Other dispositions we learn through experiences with the environment and people around us. Children especially in the first three years of life are programmed to be data gatherers. They gather evidence through their interactions with the environment and the significant people in their lives as to what dispositions are valued and those that we don’t value.
Think about yourselves for a moment: What are some of your dispositions? How has your experiences and environment shaped you as a person, as a teacher, as a learner as a thinker?
What dispositions where valued by your parents, your teachers, your peers, your culture or perhaps the media?
Dispositions are environmentally sensitive and can be weakened or strengthened by the interactive experiences of educators and teachers. It is critical in the early years to support children’s positive learning dispositions to enhance their overall motivation and engagement as capable learners with unique strengths
Dispositions are not fixed traits, rather responsive to and developed by the experiences and the people around us. They are lifelong learning capabilities that require nurturing.Kelly Goodsir
How can we spot dispositions and how can we plan for them?
You can spot dispositions by how children approach learning and through their interactions with others around them. Dispositions can’t be taught through a structured learning experience or at specific places or time.
Reflect here about your own learning. Under which circumstances did you do the most learning about who you were as a person and what you are capable of?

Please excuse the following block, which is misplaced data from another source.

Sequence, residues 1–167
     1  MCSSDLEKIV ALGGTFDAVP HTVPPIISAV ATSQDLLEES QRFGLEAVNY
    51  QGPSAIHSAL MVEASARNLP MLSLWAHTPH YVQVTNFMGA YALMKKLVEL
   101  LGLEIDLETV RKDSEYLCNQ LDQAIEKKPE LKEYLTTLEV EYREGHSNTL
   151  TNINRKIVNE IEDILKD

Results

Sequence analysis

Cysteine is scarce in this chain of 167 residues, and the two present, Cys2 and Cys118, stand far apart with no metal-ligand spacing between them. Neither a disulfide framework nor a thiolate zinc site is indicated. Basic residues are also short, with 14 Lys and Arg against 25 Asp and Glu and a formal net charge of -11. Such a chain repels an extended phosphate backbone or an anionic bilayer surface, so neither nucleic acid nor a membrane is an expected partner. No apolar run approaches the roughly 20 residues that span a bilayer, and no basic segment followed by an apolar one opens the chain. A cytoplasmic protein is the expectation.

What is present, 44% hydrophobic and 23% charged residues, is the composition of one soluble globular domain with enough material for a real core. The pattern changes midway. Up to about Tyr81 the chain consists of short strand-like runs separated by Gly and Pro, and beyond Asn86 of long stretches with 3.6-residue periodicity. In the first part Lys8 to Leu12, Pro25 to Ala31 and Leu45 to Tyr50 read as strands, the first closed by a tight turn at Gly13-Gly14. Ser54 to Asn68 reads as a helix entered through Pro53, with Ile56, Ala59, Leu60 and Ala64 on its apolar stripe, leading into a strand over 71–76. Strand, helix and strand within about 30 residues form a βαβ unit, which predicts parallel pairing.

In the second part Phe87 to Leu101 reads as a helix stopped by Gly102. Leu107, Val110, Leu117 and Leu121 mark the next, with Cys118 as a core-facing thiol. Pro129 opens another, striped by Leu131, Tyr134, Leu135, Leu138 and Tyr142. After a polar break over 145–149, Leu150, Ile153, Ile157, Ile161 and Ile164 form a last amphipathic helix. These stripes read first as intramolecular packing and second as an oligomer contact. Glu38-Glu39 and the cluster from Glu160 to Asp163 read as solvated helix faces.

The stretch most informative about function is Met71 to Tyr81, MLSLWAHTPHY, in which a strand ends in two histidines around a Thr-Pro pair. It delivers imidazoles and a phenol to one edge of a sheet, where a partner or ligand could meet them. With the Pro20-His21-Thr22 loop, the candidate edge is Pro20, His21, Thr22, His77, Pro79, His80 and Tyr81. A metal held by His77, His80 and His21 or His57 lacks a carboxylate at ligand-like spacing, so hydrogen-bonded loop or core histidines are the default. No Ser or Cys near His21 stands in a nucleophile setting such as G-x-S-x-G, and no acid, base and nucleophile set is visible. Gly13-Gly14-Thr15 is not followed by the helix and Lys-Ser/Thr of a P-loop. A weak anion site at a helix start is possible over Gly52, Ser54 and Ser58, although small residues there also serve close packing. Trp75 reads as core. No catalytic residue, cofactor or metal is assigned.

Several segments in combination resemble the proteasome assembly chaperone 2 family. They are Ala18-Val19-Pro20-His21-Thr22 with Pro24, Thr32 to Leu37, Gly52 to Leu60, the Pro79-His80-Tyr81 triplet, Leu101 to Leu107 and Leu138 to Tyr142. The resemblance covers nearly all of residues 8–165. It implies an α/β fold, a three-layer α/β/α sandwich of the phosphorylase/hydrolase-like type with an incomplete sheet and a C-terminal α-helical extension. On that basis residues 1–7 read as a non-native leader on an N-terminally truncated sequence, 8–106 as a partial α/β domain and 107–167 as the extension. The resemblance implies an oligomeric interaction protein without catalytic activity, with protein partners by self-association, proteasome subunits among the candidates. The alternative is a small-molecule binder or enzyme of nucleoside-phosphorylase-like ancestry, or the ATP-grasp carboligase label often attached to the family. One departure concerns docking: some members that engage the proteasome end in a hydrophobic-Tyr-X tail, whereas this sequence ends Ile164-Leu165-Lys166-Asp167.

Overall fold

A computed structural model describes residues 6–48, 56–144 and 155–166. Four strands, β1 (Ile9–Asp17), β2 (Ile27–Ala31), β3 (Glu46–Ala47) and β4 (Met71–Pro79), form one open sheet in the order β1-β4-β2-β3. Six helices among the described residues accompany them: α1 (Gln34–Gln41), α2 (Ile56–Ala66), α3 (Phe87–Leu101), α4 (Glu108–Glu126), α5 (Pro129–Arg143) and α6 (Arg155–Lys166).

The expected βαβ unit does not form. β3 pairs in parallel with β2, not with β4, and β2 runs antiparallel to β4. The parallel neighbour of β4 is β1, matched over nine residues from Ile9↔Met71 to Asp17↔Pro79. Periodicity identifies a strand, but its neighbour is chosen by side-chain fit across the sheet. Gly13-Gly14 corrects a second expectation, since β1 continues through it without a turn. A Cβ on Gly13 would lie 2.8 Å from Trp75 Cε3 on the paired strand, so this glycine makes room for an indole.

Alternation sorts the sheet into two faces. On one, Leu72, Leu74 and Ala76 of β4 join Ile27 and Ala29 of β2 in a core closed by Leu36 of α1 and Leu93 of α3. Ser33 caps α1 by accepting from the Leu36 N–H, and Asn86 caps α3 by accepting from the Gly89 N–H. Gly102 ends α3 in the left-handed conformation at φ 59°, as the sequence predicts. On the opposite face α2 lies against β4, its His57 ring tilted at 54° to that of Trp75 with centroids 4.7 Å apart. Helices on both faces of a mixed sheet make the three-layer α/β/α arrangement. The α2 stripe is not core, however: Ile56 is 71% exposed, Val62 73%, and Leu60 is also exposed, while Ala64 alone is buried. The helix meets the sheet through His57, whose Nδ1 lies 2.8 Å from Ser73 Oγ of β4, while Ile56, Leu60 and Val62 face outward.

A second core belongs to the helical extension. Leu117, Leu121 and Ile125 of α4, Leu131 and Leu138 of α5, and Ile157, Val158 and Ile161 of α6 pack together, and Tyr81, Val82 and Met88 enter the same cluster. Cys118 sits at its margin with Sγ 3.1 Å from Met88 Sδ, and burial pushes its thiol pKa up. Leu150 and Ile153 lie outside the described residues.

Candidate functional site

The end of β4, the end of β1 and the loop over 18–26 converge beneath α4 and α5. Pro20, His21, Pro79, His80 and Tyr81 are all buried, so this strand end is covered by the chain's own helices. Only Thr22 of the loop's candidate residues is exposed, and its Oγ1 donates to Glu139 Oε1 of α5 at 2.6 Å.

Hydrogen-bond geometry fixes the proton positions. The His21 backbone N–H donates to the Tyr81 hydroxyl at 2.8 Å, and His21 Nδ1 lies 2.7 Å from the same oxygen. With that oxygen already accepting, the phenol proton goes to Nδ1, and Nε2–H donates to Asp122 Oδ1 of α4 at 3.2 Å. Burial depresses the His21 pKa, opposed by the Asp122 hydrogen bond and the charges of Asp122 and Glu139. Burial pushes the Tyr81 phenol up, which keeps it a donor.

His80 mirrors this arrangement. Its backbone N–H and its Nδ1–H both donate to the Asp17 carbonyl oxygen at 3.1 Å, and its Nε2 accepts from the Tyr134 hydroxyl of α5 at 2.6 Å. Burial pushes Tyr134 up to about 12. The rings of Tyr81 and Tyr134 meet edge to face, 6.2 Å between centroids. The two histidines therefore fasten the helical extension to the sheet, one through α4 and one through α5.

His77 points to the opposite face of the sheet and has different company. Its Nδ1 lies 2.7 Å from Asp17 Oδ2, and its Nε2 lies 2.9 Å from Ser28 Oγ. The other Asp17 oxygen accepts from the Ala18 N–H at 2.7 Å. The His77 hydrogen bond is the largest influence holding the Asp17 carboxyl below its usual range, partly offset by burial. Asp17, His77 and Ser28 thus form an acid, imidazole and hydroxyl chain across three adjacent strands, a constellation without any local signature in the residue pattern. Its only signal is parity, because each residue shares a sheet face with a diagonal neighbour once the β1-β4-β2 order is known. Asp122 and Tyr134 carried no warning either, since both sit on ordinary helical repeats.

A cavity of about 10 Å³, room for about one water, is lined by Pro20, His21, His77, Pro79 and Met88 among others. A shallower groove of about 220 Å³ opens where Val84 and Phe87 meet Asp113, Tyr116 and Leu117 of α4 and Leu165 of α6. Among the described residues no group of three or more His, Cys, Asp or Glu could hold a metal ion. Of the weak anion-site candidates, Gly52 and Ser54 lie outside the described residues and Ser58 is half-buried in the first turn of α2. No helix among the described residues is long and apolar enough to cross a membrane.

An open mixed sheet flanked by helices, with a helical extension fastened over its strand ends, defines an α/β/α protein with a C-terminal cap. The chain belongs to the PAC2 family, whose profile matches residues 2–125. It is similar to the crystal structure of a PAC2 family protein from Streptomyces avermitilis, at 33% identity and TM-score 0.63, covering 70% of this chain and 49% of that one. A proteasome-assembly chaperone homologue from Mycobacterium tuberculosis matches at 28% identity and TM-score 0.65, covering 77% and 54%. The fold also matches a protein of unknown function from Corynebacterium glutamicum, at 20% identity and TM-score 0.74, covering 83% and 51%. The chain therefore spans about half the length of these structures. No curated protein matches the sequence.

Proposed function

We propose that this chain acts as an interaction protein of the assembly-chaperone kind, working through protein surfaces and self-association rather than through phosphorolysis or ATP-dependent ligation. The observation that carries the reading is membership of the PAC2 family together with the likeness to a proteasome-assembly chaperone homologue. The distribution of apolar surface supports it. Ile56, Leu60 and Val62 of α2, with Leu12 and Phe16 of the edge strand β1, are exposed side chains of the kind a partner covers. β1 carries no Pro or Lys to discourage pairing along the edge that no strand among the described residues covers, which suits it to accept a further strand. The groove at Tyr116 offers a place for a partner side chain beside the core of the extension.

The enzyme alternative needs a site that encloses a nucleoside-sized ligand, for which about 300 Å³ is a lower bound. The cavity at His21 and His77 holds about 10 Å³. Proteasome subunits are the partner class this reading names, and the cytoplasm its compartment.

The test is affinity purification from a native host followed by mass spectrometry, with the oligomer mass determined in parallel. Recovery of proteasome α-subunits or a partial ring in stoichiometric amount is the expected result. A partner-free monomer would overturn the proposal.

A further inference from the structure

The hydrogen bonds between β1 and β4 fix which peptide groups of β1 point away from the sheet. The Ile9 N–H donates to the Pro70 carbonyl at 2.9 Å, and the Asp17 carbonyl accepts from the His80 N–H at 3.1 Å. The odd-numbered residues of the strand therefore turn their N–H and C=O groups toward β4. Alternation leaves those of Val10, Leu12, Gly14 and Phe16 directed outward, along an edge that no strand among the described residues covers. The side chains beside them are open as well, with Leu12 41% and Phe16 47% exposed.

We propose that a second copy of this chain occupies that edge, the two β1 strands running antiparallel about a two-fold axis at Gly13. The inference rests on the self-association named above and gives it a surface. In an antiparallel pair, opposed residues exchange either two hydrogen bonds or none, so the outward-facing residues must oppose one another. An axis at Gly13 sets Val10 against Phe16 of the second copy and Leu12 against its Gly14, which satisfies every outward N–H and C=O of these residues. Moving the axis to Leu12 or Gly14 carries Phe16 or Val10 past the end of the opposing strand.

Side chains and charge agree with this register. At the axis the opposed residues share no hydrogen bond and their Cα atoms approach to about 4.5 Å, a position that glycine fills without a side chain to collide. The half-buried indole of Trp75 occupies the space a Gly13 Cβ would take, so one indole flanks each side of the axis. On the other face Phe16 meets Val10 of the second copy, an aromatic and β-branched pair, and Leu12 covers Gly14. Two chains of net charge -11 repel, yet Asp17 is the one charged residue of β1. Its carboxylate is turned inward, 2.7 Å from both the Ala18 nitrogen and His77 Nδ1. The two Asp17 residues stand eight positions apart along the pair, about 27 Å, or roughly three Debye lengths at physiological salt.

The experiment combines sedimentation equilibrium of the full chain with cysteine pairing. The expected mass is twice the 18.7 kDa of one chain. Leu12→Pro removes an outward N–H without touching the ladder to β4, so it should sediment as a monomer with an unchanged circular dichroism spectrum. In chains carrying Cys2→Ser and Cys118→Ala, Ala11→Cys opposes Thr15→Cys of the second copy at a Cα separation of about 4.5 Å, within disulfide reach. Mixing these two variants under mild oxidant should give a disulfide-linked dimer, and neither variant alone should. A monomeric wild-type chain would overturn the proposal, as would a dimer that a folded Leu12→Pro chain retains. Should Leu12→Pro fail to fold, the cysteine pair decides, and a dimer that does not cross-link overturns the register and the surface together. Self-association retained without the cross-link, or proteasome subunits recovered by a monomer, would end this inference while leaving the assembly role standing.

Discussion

For young children, play is the best way to foster and nurture dispositional learning. Play is interactive and complex learning and allows children to integrate and to test out their dispositions across all learning contexts. Another way is when we allow children to be part of authentic real life experiences – when they are part of a culture or a community.
When we are communicating with parents about their children’s learning it is important that we highlight how and why dispositions are important for their children’s learning and how critical this is to their success as a human being.
When planning for dispositions, I believe the best way to foster this is through complex experiences. Think about the dispositions listed below; what experiences could you plan in order to nurture a child’s inclination towards:
Enrich the experience by using empowering language when talking to children or about your children’s learning.
When we plan we should be guided by:
Is the child ready? Is it developmentally appropriate?
Are they willing? Do they want to do it? Is this demonstrated by the sensitivity to the occasion ?
Are they able? Do they have the knowledge and skills?
Remember we can encourage and make the experience available, but this type of learning can’t be a forced. If we force our intentions on children this just causes stress and stress hampers learning.
Perhaps after reading this you might feel inspired to take a closer look at some of the dispositions for learning that you might notice in your setting.
I have included a free resource to get you started.
Click here inorder to download a free dispositions resource.
TIP: print this off and keep it next to your computer for a quick reference when writing your learning stories.
I would love to here how this went for you.
Until next time…